Monday, April 5, 2010

A song for life

"...I thought there was no reason
For all these things I do
But the smile that I sent out returned with you."
Patrick Simmons (the Doobie Brothers) 
South City Midnight Lady

A song can take you back in time, to a place you hardly remember, a place you lost. This morning I caught "South City Midnight Lady" and returned to piece of my life that I had forgotten about.

Sophomore year in college. Almost an adult, but still only a teenager. Living on campus at a mid-sized state university where I could be someone I never had been, never would be again.

"When day has left the night behind
And shadows roll across my mind
I sometimes find myself alone and out walking the street..."

Life was gentle. Life was calm and kind. I didn't own a car, I didn't have debts. Vietnam War was over, and no one was afraid of the future. We went to class, we studied, we talked. And I learned to play the guitar. 

My 'classroom' for my guitar lessons was a grassy field behind our dorm. My teacher was Mark - a handsome, hippie kind of dude who lived one dorm over. He was always laid back and always getting laid. I didn't fit into his life at all.
His girlfriends were all Stevie Nicks' like - floating in and out of his life in with their diaphanous wings and gowns. 
They all were gorgeous and extremely fragile. They all had laughter that sounded like melodies. Their skin was always pale, nearly translucent.
They were ballerinas, piano students, or pre-law beauties.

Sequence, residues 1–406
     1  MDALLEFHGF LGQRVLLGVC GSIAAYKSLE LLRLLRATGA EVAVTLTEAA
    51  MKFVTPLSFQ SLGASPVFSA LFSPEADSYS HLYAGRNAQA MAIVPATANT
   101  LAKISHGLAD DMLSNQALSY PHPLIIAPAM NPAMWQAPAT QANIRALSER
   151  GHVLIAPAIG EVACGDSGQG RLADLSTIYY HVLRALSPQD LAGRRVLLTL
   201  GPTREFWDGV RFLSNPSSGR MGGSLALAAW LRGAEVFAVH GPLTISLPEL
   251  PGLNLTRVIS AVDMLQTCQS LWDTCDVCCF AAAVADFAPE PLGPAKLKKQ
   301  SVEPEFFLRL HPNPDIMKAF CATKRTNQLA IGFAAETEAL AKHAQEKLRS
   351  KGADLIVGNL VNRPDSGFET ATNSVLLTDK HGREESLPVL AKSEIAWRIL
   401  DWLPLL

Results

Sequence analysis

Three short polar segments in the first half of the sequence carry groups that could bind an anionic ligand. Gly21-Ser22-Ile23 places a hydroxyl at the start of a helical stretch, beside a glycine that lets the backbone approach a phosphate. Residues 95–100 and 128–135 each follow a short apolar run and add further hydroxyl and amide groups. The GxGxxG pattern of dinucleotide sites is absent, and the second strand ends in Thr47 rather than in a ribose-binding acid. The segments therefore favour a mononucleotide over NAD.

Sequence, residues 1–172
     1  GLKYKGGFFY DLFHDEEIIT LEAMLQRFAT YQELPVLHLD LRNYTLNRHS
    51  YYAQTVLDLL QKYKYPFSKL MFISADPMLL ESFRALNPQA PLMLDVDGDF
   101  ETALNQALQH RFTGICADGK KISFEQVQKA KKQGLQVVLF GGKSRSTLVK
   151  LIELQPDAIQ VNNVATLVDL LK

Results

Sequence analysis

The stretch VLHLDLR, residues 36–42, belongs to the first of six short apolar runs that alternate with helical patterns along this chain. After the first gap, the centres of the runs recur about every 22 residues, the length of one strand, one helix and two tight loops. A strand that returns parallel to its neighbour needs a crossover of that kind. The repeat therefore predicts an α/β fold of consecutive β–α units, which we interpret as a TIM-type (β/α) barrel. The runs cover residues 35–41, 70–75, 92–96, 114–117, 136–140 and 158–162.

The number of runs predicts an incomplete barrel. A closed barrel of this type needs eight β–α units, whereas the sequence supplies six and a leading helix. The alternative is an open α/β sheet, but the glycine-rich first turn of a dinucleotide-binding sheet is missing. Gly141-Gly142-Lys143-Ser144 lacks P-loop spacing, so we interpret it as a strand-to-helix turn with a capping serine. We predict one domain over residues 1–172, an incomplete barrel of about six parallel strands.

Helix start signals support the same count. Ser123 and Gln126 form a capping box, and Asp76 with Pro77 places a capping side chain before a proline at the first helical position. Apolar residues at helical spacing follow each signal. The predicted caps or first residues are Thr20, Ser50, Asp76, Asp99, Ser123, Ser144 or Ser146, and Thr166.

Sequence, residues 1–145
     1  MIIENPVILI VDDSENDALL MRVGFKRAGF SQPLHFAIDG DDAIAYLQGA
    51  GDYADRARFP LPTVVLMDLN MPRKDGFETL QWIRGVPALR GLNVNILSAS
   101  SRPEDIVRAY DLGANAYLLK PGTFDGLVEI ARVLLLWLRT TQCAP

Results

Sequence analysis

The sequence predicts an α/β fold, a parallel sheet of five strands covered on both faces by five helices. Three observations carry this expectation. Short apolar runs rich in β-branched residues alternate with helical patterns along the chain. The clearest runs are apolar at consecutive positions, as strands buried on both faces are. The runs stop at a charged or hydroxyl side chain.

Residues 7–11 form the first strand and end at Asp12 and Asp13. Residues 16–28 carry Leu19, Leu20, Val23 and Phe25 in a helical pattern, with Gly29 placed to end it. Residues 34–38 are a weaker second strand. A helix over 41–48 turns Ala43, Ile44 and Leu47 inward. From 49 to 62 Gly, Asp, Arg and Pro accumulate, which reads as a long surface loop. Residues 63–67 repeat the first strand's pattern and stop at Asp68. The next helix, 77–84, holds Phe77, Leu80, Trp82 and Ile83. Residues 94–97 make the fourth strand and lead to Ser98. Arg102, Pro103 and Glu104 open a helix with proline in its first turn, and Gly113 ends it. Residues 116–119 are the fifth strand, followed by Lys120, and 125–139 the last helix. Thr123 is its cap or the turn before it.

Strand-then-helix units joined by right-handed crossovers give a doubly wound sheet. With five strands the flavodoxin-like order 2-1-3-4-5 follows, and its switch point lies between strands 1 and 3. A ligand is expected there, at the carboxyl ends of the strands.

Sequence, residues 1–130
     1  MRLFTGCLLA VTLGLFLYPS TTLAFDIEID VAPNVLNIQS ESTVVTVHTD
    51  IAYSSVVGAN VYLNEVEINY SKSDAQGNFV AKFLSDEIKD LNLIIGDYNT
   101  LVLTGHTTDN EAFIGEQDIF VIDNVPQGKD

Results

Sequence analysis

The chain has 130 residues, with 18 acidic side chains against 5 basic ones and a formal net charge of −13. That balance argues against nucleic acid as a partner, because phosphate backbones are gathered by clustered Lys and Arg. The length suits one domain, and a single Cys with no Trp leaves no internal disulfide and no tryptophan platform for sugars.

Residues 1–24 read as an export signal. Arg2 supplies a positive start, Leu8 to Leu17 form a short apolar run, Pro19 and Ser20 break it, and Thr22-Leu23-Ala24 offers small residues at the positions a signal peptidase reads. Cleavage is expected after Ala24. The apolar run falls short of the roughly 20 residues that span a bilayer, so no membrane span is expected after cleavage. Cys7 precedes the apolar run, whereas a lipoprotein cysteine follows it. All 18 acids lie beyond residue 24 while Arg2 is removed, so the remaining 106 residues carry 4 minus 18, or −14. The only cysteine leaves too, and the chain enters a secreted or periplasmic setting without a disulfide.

But every afternoon, I'd find Mark outside my dorm window, sitting under the elm tree that shaded the building. He'd open the hard case he carried his guitar in and slowly start to tune it up. He never bothered to put the guitar's strap around his shoulder - he knew he wouldn't drop his guitar - his life. He'd start tuning the strings, although they were always in perfect tune. 
Then he'd start strumming. "My Sweet Lord" by George Harrison was his always his first song. That song was a beckoning call to me. I would put aside anything/everything and walk outside with my guitar. I didn't have a hard case - I had a soft blue case with a big zipper that ran across the bottom. My brother's name was printed in big block letters on the back of the case. All this once belonged to him - before his Vietnam days. 

Mark would always look up and smile. "Hey, kid. Let's get you tuned in."
I'd sit down in the shade of the big elm. Few people walked by, and most didn't bother to look over. They had seen us day after day after day, sitting here - the master guitar player and the stumbling student. The handsome young man with too long hair, his soft blue chambray shirt with the sleeves rolled up, with his fingers caressing his guitar's neck. And me, the student - dressed in stupid shorts, hiking boots, curly fly-away hair. Both of us, cross-legged on the ground. Not facing each other, but not ignoring each other, either.

When my guitar was in tune, we'd start in on "South City Midnight Lady".
"Up all night I could not sleep
The whiskey that I drank was cheap
With shakin' hands I went and I lit up my last cigarette
Well the sun came, the night had fled
And sleepy-eyed I reached my bed